Academic journal article Naval War College Review

Future Carrier Aviation Options: A British Perspective

Academic journal article Naval War College Review

Future Carrier Aviation Options: A British Perspective

Article excerpt

One of the key debates that face naval aviation in the twenty-first century relates to its key equipment: the airplane. The United States is the only power that will be able to deploy a carrier force of any size, and it has held this position for over two decades. Soviet/Russian ambitions to deploy a blue-water air capability have been downsized, rationalised, abandoned, then reinstated under the threat of cancelation, and now lack funding. The People's Republic of China is known to aspire to develop its naval aviation through the procurement of aircraft carriers, but it has made little obvious progress. While aircraft carriers enable the projection of airpower well beyond a nation's shores without reliance on host-nation support, they have a major problem: they are expensive. Designing, running, and upgrading carriers are beyond the financial capacity of most nations. Only a few have the ability to deploy combat aircraft at sea, and the conventional aircraft carrier can only be procured in small numbers. While the United States can, within the politics of budget constraints, present a formidable air presence from carrier decks, the United Kingdom and France, the two middle-ranking powers with aspirations to maintain aircraft carriers, have been obliged by cost considerations to make some uncomfortable decisions.

Furthermore, there are continuing questions about the necessity of aircraft carriers for middle-- ranking powers. It is argued that the aircraft carrier, by virtue of its considerable cost, is an unnecessary luxury. Under this scenario, the United Kingdom and France are perceived as being unlikely to embark upon independent naval operations but as instead contributing to task forces dominated by the U.S. Navy, which in turn would provide the aviation assets. Practical experience, particularly for Britain, suggests that this view is dangerous.

Nonetheless, Britain's experience of carrier aviation since the mid- 1960s has not been altogether happy. A combination of a reduced world role and serious economic problems led to the downsizing of all British military services, with particularly savage cuts in the 1964-70 period. The aircraft carrier was deemed to be an expensive irrelevance. This view was shortsighted, ignoring the fact that Britain had a number of commitments and obligations in areas that had been brought into the ambit of Britain's concerns through trade and colonialism. As always, plans failed to survive contact with the enemy-in this case, Argentina in 1982, when the only means of recovering the Falkland Islands (Islas Malvinas) was an amphibious operation. Since that time, despite ever-diminishing defence budgets, the aircraft carrier has returned to prominence, with the 1998 Strategic Defence Review (SDR) planning for two carriers capable of embarking around fifty aircraft, thus enhancing the deployability of British forces and increasing flexibility.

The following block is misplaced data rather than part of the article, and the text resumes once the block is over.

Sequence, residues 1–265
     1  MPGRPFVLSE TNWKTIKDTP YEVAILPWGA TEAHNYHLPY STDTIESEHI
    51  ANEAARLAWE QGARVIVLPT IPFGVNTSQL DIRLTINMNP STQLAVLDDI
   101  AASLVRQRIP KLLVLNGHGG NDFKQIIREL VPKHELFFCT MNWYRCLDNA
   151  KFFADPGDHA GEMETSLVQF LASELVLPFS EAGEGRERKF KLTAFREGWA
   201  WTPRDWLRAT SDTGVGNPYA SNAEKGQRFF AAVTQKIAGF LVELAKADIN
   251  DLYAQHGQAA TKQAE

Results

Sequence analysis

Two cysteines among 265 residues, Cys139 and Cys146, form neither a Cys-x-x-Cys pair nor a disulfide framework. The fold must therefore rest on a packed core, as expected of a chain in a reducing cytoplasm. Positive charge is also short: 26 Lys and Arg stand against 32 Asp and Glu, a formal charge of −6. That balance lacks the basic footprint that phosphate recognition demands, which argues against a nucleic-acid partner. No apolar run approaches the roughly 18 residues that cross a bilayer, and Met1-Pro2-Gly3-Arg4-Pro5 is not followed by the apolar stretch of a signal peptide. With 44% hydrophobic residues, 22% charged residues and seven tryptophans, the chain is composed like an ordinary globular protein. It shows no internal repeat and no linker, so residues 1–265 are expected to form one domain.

Nonetheless, there are a number of issues that need to be settled before the new vessels enter service in 2012. This article (based on the state of affairs in late 1999) seeks to provide a general outline of the options facing British naval aviation in the next ten to twenty years. It does not claim to be definitive but seeks to inform, highlighting in particular the manner in which the aircraft carrier has returned to the core of British military thinking as Britain adjusts to the conditions likely to pertain in the first two decades of the twenty-first century.

BRITAIN AND NAVAL AVIATION SINCE 1960: THE BACKGROUND

Decline has been a particularly notable factor in the United Kingdom, where cost considerations led to the abandonment of conventional-takeoff-and-landing (CTOL) aircraft carriers when HMS Ark Royal was retired in 1978. This was not a sudden decision.

The Decline of the British Carrier Force

The first threat to British naval aviation came in the 1960s. In 1957, a whole swathe of advanced aircraft projects had been canceled on the grounds of cost and a belief that their job would soon be done by missiles. …

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